Oracle's Acquisition of Cerner Faces Major Challenges

Larry Ellison’s Vision for the Future of Medicine

by Faruk Imamovic
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Oracle's Acquisition of Cerner Faces Major Challenges
© Getty Images/Justin Sullivan

Larry Ellison's vision for revolutionizing medicine crystallized in a doctor's office when he needed medication to manage his cholesterol. His doctor prescribed a statin called Crestor based on general factors like age, and family history. However, Ellison realized this was just an informed guess. This moment sparked his idea: what if generative AI could analyze a patient’s records alongside millions of others to better detect disease and guide treatment?

At Oracle's CloudWorld conference, Ellison emphasized integrating medical data into Oracle's AI models to revolutionize Electronic Health Records (EHR). This vision led to Oracle’s $28.3 billion acquisition of Cerner in 2021, which managed EHRs for a quarter of American hospitals, including those run by the Pentagon and the VA. Ellison aimed to use Cerner’s data to create a futuristic EHR system to improve patient outcomes and reduce costs.

Cerner’s Rocky Path to Oracle’s Fold

However, Cerner’s integration was fraught with issues. Its system rollout at the VA, serving 9 million veterans, had been disastrous. Over 11,000 medical orders disappeared into an "unknown queue," causing patients to miss essential treatments. These failures harmed 149 patients and contributed to three deaths. The futuristic healthcare system Ellison envisioned seemed distant as Oracle had to fix Cerner’s dysfunctional system to prevent more harm to veterans.

Ellison first approached Cerner two decades ago during a boom in health tech. Despite the optimistic outlook of digitizing medical records, Neal Patterson, Cerner's co-founder, was skeptical of Big Tech's role in healthcare and rebuffed Ellison’s advances. Years later, Cerner won significant government contracts for EHR systems at the Defense Department and the VA. However, the passing of Patterson in 2017 and subsequent internal struggles left Cerner vulnerable.

A Struggle for Stability and Functionality

By the time Oracle acquired Cerner, the latter was overwhelmed by its government contracts. The VA’s switch to Cerner’s system caused doctors and nurses to spend excessive time inputting data, compromising patient care. Missing orders and a complex system led to significant patient care issues, exemplified by a homeless patient at risk of suicide whose care order disappeared, resulting in a hospitalization after the system failure.

Oracle underestimated Cerner's challenges. The company realized the magnitude of these issues after acquiring Cerner, with outages and systemic failures continuing. Oracle executives assured lawmakers of their commitment to fix the problems, promising a cloud transition and system improvements.

Despite Oracle’s efforts, including installing new hardware and involving top engineers, issues persisted. Notably, a design error in the scheduling system led to inadequate follow-ups for mental health appointments, contributing to the death of a veteran from substance use relapse. Another veteran died due to a pharmacy error where a needed medication was never delivered.

Larry Ellison
Larry Ellison© Getty Images/Justin Sullivan
 

Ellison’s Health Aspirations Meet Harsh Reality

Ellison remained determined to revolutionize EHRs, but the VA contract proved a significant burden, diverting resources from his broader vision. Oracle's health team morale suffered amid these struggles. Lawmakers and stakeholders called for scrapping the VA contract due to ongoing issues, emphasizing the complexities of adapting a vast government system to a standard EHR designed for private sector needs.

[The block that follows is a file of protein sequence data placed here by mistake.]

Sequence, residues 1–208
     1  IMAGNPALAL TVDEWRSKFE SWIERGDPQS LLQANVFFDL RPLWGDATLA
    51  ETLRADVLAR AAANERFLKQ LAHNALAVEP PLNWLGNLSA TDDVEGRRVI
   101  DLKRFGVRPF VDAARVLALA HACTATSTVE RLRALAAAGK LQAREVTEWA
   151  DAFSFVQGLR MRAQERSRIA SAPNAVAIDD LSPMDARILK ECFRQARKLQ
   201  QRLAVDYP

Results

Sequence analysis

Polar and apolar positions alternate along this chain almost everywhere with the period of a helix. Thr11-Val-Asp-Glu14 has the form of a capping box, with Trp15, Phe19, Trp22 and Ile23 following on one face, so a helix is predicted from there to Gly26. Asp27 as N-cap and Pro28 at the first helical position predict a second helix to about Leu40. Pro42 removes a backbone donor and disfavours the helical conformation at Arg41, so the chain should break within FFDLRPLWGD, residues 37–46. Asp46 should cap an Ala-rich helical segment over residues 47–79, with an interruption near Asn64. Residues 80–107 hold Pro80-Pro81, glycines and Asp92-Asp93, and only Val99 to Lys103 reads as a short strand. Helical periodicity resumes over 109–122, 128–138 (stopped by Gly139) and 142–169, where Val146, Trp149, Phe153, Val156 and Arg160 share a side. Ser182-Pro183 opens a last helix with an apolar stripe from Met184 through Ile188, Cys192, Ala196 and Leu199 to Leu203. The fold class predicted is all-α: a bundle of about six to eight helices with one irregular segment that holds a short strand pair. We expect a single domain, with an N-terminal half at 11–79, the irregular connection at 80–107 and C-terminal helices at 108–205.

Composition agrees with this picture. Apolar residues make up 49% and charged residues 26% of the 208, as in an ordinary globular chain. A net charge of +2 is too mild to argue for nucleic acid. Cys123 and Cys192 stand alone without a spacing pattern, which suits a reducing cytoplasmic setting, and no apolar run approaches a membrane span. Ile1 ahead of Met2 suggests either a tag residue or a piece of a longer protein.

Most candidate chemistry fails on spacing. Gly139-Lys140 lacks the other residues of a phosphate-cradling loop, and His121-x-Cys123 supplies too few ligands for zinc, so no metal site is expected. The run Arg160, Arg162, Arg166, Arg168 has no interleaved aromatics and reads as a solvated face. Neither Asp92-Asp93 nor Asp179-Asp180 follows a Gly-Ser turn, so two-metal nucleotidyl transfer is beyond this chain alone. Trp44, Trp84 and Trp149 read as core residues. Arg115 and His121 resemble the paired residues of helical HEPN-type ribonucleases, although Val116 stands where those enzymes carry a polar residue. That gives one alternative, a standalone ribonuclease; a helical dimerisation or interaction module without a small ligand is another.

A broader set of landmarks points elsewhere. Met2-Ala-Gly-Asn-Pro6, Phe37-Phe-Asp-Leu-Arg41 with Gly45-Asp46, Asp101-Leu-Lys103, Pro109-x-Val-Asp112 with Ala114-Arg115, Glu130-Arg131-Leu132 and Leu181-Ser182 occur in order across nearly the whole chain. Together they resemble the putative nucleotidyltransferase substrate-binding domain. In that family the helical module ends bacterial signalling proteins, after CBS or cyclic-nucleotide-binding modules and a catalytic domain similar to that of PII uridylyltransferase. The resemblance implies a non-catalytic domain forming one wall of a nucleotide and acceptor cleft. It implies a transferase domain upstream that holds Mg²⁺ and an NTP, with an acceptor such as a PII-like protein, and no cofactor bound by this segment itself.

Ellison viewed healthcare as a backward business. Dr. David Agus, a renowned oncologist who treated Ellison’s nephew and collaborated on healthcare investments, noted Ellison's commitment to solving healthcare problems. "Larry actually solves the problem, not just gives money," Agus said. However, the Cerner acquisition presented challenges beyond Ellison's control.

Oracle’s Continued Struggles and Future Prospects

Nearly two years after the Cerner acquisition, Oracle claimed it made thousands of improvements. "Our veterans and the people who care for them deserve a world-class EHR system," Seema Verma, head of Oracle Health and Life Sciences, stated. However, the system’s rollout remained paused, and the VA imposed higher penalties on Oracle for unmet performance targets.

Despite promises to stabilize Cerner’s system, Oracle struggled. The company hadn’t fully moved Cerner onto the cloud, and outages persisted. For example, a system failure in April forced VA staff to revert to manual notes. Further complicating matters, Cerner continued losing clients to competitors like Epic, affecting Oracle’s potential to leverage Cerner’s data for advanced AI models.

The Human Toll

The Charlies, two veterans advocating for better care in Spokane, highlighted these failures. Their personal experiences with Cerner’s flawed system galvanized their efforts to push for a resolution. Despite Ellison’s grand ambitions, the immediate priority for the Charlies and other advocates was ensuring veterans received the care they deserved without further harm from systemic failures.

Larry Ellison’s vision for integrating AI with EHRs aimed to transform healthcare. However, the practical challenges of managing and fixing Cerner’s flawed systems have been significant. Oracle's acquisition of Cerner brought to light deep-rooted issues that continue to impact veteran care, prompting calls for a reassessment of the VA’s contract and a focus on delivering reliable and effective healthcare solutions.

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